Speaking of trust and mistrust. The canonical form of our relationship with technology is defined by trust. Technology that fails, in the meaning that it is not working as intended, is then often a challenge not only because it breaks this trust (temporarily) but also because as an artifact it unfolds (again, temporarily) a hidden potential of power that materializes in that very moment in a quite unpleasant and highly perceivable way. When I arrived tired and exhausted at the hotel that first night I went to the reception to do the check-in. Unfortunately the check-in was declined with circumlocutory apologies – the key-card reader seemed to have a malfunction and did not open my room door. It was that simple but powerful non-human actor that forced me to take another walk through dark and dusty alleys, backyards and roads without any orientation until I reached a hotel that finally was able to offer me a place to sleep.
The language of infrastructure
Bus stations in Ghana can be a really peculiar place – especially if you look at them with a lens that is influenced by the German version of being organized. Almost all the bus stations there have a very special setting and character. The central bus hub in Accra for example is called circle and it not only literally is a circle but stresses the orientation to a maximum. The circle is probably one square kilometer of a highly functional infrastructure – alas it is written or built in a very specific code. To me it obfuscated itself as a representation of chaos at this first day and it was highly interesting to experience how much time and effort it can take to decipher the logics of such an aggregation of humans, animals, cars, goods and other things that circulate within their own set of rules. In such a situation it is most welcome to meet translators who are happy to re-interpret and guide through that lively thicket – I met such people and they safely brought me to the right bus. Riding a bus is not less interesting than finding one. The passengers are almost all the time entertained by a very loud radio and TV program that consists of religious messages, prayers and other ceremonies. Ghana in that regard is full of Christian signs, habits and rituals.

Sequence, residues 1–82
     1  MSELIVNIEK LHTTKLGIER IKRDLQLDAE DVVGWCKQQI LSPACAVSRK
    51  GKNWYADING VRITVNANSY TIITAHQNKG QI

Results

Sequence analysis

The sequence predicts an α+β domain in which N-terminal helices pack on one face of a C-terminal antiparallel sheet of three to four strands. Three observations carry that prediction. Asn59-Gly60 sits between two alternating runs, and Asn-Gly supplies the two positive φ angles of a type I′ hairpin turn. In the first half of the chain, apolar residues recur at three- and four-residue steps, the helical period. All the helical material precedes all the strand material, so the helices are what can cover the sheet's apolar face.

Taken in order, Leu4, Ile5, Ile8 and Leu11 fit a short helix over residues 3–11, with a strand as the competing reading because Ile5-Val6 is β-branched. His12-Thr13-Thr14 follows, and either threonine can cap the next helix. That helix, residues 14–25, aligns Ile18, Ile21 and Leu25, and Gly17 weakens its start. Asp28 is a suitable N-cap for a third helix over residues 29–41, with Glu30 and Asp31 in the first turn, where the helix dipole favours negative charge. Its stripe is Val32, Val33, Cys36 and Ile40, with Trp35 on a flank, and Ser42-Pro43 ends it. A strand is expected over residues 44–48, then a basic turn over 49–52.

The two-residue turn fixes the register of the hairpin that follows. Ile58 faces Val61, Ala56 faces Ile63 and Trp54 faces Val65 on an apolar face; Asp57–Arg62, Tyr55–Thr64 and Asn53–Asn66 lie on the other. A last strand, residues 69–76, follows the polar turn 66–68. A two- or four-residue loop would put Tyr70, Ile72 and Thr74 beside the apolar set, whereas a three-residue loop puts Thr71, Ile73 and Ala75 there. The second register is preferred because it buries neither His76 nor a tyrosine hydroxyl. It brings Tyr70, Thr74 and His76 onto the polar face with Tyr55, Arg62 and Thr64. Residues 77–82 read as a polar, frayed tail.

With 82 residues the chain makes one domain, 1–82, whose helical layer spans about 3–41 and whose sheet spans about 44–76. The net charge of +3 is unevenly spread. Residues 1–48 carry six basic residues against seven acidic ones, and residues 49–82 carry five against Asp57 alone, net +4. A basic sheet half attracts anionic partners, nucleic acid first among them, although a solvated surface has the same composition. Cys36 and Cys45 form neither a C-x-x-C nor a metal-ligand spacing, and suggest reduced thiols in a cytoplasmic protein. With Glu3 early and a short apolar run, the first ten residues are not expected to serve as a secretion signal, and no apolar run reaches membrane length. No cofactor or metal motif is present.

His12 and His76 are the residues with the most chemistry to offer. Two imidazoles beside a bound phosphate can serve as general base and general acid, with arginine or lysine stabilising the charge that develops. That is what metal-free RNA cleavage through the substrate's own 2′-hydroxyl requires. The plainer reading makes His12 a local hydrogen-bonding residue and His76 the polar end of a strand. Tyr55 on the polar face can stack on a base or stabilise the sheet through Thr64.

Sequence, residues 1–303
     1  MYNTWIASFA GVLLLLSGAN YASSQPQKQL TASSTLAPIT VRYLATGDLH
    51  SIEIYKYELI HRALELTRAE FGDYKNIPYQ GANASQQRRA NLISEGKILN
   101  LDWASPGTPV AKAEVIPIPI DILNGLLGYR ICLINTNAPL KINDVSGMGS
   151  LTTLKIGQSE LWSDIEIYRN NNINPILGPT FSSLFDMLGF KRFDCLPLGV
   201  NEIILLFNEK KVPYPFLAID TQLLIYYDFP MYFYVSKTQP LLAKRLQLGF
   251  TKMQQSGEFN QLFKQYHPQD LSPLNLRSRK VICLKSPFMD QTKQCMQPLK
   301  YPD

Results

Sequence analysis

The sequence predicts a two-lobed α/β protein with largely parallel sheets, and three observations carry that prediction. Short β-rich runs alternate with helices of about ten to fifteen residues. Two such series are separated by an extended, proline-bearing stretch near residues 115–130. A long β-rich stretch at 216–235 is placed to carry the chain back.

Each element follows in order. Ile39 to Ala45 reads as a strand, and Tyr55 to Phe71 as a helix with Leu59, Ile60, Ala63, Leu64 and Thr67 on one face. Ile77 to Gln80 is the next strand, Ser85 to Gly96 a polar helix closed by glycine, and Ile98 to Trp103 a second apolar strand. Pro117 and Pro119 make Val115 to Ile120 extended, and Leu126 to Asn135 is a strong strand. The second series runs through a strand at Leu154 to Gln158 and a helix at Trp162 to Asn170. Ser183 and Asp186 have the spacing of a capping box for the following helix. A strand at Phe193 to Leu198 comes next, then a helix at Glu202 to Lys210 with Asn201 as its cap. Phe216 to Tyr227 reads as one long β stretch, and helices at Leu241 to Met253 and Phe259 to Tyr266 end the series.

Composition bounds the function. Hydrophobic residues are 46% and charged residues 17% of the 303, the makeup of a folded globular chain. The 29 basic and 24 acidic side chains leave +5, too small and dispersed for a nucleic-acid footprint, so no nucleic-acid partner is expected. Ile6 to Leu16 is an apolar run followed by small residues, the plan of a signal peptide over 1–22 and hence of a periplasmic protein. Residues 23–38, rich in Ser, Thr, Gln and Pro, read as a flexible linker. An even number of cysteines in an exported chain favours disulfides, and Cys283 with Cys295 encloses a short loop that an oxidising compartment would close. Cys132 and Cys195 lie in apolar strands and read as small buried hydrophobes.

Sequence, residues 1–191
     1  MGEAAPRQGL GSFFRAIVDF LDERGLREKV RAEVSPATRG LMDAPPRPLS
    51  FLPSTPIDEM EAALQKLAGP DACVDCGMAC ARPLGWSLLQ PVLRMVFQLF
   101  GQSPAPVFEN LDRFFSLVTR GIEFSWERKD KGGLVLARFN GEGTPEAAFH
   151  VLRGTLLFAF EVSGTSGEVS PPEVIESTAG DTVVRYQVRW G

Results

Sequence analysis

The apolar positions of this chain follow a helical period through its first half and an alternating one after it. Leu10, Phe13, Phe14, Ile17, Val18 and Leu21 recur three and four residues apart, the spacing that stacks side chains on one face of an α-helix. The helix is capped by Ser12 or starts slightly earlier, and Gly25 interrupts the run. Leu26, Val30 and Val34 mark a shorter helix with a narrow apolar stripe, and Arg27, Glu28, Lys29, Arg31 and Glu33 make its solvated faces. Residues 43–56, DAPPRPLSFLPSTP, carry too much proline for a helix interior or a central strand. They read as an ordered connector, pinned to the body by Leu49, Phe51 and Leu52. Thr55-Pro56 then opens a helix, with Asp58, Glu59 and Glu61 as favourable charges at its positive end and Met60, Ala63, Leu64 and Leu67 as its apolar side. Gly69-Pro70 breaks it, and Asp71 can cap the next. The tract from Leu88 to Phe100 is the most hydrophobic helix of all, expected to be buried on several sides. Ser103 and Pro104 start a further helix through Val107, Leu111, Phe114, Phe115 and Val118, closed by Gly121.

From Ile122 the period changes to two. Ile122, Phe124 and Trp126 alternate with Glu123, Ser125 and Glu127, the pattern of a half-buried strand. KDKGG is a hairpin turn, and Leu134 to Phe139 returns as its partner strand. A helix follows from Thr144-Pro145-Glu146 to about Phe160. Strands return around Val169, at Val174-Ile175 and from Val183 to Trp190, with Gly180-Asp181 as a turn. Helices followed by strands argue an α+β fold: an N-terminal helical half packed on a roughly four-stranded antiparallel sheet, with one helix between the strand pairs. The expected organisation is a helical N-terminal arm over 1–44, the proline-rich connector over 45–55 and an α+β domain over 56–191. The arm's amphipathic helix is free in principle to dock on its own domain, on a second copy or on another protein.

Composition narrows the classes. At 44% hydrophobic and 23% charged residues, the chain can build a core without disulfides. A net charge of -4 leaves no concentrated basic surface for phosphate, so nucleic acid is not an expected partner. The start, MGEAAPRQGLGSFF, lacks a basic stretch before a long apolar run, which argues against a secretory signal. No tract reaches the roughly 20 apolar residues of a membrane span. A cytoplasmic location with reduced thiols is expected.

Imagine a campus that has the size of a small town, a campus where everybody of the staff members is living in a house on-site. A campus with free-range chicken, goats, dogs, cats, different birds and a lush flora, with fields of banana, plantain and mighty trees. This is KNUST. On a campus with such a different institutional culture and infrastructural circumstances it takes a while to acclimatize, also to get to know the shortcuts to the departments (because the ways are long otherwise), their locations, and most importantly the supply facilities. The management of the compound seemed to be organized quite well. Lots of maintenance personnel dedicated their time to foster the already green environment into an even greener and denser state. Buses circle through the network of roads almost on-time to transport the students from the halls to the auditorium and vice versa and security personnel is doing its inspection rounds to keep the place safe at all time.